At work, adults had and still have similar problems with their junior employees. Not only is it a problem concerning competent business communications, it’s also a problem in the always vague arena of common sense, or lack thereof. As I was cautioned so many years ago about taking care with my written communication, or more importantly to think about what I was doing before doing it, those lessons seem to be in a serious decline in the Internet world.

Literally everything that is digitized and posted to the net is potentially forever in the public domain and subject to surfacing at any time in the future whether convenient or not…whether true or not.  And that picture your daughter or granddaughter took of her skivvies for some chuckles might rest in hard drives all over the world only to be brought forth later on when she might least wish it to resurface.  Good grief.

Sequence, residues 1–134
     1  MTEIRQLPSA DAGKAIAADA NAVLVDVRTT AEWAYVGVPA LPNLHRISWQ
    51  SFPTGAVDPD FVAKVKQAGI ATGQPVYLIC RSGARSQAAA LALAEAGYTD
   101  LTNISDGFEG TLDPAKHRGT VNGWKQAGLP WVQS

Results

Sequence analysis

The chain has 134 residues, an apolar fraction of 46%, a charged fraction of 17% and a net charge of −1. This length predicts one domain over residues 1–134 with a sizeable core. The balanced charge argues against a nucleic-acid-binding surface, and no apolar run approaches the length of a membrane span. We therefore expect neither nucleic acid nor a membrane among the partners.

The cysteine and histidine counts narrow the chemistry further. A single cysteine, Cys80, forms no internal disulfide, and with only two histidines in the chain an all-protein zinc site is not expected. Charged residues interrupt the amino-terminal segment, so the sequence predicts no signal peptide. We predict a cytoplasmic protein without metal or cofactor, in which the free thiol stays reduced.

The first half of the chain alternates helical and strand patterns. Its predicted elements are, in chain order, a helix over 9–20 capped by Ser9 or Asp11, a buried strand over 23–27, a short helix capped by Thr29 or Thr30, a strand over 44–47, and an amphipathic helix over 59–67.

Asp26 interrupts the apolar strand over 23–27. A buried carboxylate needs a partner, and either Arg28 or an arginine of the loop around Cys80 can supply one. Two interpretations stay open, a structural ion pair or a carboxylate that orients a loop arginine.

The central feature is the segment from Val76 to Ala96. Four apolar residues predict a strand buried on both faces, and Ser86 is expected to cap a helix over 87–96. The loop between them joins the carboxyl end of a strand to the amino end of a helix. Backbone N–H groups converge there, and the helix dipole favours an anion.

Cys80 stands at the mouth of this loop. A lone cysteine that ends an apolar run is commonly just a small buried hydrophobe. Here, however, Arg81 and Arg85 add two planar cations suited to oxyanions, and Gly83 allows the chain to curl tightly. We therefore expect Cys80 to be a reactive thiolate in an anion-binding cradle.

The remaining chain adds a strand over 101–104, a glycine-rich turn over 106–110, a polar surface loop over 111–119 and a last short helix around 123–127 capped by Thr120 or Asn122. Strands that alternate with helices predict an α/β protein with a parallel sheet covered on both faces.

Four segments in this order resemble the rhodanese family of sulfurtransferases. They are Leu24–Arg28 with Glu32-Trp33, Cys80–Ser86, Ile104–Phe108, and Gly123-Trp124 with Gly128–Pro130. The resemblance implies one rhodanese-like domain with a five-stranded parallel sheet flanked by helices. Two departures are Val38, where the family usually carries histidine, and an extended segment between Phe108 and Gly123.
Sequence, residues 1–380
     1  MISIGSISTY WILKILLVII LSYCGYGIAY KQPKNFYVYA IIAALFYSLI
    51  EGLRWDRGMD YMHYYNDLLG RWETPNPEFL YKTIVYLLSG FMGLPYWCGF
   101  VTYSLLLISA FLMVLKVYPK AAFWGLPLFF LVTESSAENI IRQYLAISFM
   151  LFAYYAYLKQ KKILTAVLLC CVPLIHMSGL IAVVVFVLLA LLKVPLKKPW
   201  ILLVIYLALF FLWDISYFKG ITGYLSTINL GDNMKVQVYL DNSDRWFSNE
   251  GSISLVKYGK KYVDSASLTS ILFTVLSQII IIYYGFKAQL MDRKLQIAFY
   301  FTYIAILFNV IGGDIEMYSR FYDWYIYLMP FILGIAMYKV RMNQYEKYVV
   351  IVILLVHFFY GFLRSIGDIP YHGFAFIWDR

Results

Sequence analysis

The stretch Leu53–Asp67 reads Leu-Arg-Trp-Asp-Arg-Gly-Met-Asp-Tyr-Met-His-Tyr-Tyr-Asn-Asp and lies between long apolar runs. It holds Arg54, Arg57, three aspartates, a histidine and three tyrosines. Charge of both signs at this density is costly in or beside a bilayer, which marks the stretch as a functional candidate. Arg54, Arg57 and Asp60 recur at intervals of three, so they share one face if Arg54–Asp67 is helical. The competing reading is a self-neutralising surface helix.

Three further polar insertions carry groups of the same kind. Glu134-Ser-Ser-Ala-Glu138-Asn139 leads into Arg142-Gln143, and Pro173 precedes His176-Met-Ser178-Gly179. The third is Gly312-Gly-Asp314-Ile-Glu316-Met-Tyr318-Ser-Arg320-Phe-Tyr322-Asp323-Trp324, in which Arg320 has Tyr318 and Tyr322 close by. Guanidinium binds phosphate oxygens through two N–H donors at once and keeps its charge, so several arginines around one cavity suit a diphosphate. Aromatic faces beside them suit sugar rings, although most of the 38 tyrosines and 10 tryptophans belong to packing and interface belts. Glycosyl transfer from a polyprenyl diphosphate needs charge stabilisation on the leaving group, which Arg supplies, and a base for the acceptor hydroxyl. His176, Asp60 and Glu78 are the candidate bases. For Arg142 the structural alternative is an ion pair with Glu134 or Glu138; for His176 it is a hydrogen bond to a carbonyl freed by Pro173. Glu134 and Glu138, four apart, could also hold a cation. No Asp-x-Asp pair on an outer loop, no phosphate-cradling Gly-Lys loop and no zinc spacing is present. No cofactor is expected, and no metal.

Tuesday, December 14, 2010

PCs & 63s - Part 5


Technology company senior management tended to be about 10-years younger than our generation and their engineering staffs were perhaps 10-20 years younger.  Initiatives and routines developed by those younger people reflected their own views and experiences which were often much different than ours.  In no small degree, our generation tended to be more like Dilbert’s pointy-haired boss than the tech-savvy subordinate staff.  Our ages at the time of various significant technology milestones are marked on the Windows timeline above.  Note that Gates bailed out about the time we started winding things up ourselves, or about the time the Internet started gaining influence. 


I’ve read that the Internet and PC technologies were originally brought forth by hippies.  A quick glance at the fledgling Microsoft 1978 staff portrait seems to support that statement.  No wonder we have been struggling to understand all this stuff bubbling up behind us.
 
A number of large corporations by-passed our generation for senior management positions, instead, dropping down to those a decade or so younger for their next senior managers.  The thought was that those younger managers would be more tech savvy, which was correct, and would be available to run those corporations for 20-years, or more…which may prove to be incorrect.  Time will tell.